Malta for digital nomads, a good match or not? A lot of press covers the fact that Malta can (or maybe should) be considered a tax haven. We’ll discuss later on why some people think so.
In any case, we would also want to know if Malta is also a match made in h(e)aven for digital nomads and that’s what I am dedicating this article to.
Malta, the basics
Malta is an island situated in the Mediterranean between Italy and North Africa. The place comes with quite some history as it was ruled by different empires like the Romans and the Moors.
Given its location, you can image the country has a mild climate year long and some hot summer months. Ideal if you plan to escape the cold of mainland Europe.
Living in Malta
The first question is always if you are able to live in the country concerned, Malta in this case.
Malta is part of the Schengen Area so there is no problem for citizens of other Schengen countries. You are free to live in Malta if you choose to do so.
If you don’t hold a passport of a country of the Schengen Area, you will need a visa. In order to also attract nomads from outside Europe, Malta launched a nomad visa. Therefore, I also included it in my article on digital nomad visas in Europe. As you can read in the article, the Maltese government set up a specific website where digital nomads can find more information about the nomad visa and Malta in general.
Maltese tax rules
If you plan to spend some time in Malta, this could have some tax consequences. For this reason, we’ll dive deeper into the tax rules of Malta.
Establishing tax residency in Malta
Malta has different approaches to tax residency with different gradations. You can be a resident in Malta on the one hand, but you also have the concept of domicile on the other hand.
Malta evaluates residency rather on the short term. Generally, if you spend more than six months in the country, Malta will see you as a (tax) resident. However, if you have or don’t have your residence in Malta is mainly evaluated on a factual basis.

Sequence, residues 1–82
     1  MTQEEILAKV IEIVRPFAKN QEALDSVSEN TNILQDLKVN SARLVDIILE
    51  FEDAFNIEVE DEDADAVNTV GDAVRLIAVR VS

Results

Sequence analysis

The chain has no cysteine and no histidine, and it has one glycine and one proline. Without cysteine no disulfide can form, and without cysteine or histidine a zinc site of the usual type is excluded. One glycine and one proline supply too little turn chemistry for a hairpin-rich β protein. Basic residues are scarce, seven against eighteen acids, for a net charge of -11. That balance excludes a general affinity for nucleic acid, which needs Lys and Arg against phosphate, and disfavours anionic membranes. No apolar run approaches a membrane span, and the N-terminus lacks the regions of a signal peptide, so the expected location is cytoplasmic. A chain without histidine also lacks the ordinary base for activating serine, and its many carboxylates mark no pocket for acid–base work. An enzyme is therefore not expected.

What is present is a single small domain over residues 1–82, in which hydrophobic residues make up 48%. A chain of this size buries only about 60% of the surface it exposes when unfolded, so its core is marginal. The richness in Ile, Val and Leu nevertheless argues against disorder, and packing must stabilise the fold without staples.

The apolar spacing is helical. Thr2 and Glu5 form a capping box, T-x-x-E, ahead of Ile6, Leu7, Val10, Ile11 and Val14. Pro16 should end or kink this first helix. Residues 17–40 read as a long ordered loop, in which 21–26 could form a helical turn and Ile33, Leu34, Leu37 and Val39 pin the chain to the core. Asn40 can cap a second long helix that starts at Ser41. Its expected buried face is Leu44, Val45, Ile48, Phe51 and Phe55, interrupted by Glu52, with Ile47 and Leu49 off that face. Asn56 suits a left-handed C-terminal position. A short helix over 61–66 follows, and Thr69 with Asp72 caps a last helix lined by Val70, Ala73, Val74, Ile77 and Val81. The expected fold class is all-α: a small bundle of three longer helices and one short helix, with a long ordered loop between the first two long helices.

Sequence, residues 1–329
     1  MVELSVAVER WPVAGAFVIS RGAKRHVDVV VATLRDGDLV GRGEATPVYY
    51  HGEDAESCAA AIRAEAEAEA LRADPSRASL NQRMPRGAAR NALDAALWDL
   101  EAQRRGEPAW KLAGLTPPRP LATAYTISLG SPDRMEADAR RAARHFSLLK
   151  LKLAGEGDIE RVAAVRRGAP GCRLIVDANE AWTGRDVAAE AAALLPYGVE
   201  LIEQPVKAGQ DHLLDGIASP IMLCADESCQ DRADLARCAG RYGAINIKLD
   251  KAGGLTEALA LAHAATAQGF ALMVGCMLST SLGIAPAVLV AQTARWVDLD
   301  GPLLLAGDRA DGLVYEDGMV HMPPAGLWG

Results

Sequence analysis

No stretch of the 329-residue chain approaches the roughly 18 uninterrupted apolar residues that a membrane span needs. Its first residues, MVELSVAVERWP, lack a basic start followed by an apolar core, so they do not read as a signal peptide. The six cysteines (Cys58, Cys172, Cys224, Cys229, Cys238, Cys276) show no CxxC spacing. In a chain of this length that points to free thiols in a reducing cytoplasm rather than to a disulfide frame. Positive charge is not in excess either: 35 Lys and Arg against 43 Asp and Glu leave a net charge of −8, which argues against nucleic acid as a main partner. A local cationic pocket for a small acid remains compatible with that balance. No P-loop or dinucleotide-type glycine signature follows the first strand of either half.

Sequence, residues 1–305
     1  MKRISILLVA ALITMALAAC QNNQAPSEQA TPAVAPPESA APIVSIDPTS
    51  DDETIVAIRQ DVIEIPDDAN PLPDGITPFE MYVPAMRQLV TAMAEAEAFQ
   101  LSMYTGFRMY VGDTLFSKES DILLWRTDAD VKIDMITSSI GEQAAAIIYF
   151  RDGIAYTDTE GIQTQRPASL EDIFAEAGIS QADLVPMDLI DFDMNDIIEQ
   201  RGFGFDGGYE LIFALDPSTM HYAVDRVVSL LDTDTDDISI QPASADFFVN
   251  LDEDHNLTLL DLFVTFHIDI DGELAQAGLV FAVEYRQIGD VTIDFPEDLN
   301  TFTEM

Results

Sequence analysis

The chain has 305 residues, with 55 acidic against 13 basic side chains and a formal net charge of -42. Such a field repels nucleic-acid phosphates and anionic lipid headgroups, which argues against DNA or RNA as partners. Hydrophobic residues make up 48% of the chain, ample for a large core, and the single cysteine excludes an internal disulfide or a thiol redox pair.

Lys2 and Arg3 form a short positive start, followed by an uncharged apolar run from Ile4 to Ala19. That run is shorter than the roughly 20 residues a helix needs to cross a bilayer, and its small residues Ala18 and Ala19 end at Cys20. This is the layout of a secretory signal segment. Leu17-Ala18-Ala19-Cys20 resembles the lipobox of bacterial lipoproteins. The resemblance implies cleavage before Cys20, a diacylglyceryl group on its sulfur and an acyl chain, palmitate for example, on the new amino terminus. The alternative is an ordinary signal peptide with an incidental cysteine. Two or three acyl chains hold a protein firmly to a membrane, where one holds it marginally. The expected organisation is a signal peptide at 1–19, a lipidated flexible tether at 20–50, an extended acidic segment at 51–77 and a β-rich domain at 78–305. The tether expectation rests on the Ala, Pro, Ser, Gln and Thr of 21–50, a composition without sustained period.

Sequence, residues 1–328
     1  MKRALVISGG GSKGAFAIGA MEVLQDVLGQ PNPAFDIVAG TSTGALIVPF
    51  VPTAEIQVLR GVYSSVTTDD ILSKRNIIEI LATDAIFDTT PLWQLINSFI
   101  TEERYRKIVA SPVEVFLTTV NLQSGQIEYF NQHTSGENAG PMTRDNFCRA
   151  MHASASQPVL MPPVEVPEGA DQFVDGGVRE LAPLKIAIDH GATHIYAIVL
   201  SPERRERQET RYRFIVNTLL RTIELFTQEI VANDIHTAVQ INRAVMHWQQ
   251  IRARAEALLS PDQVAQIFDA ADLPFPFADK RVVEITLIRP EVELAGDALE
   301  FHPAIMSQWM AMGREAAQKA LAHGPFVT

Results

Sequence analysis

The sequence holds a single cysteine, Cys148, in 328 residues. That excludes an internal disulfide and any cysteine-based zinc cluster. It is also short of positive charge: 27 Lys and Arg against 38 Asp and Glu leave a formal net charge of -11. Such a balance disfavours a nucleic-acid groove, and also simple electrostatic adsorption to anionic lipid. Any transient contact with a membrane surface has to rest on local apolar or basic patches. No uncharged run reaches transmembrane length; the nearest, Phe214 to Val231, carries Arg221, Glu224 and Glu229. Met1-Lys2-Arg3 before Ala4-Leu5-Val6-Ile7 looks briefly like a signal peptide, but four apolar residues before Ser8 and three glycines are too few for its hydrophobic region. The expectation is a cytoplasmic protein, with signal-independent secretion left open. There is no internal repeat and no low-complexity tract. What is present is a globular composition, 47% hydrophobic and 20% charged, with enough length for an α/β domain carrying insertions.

Maltese domicile refers rather to your long term intentions. If you have, or intent to have, your permanent home in Malta, you will be domiciled in Malta. However, you can always declare that you don’t have the intention to become domiciled in Malta.
If you look at Malta for digital nomads, the division between being an ordinary tax resident or being a domiciled there is important.
The reason for this is that if you are domiciled in Malta, Malta will levy taxes on your worldwide income. If you are only an ordinary tax resident, you will only pay taxes on your Maltese source income and any income remitted back into Malta.
Whether or not certain income is local source income or remitted back into Malta is a question of fact and should be assessed in detail for each case.
Malta for digital nomads: income tax rates
Once you know which income Malta will tax, we need to have a look at the applicable tax rates. Maltese tax rates are progressive and start at a level of 15% as from around €9.000,00. The highest rate is 35% as from an income of €60.000,00.
Also capital gains and investment income (e.g. dividends) are subject to the same rates.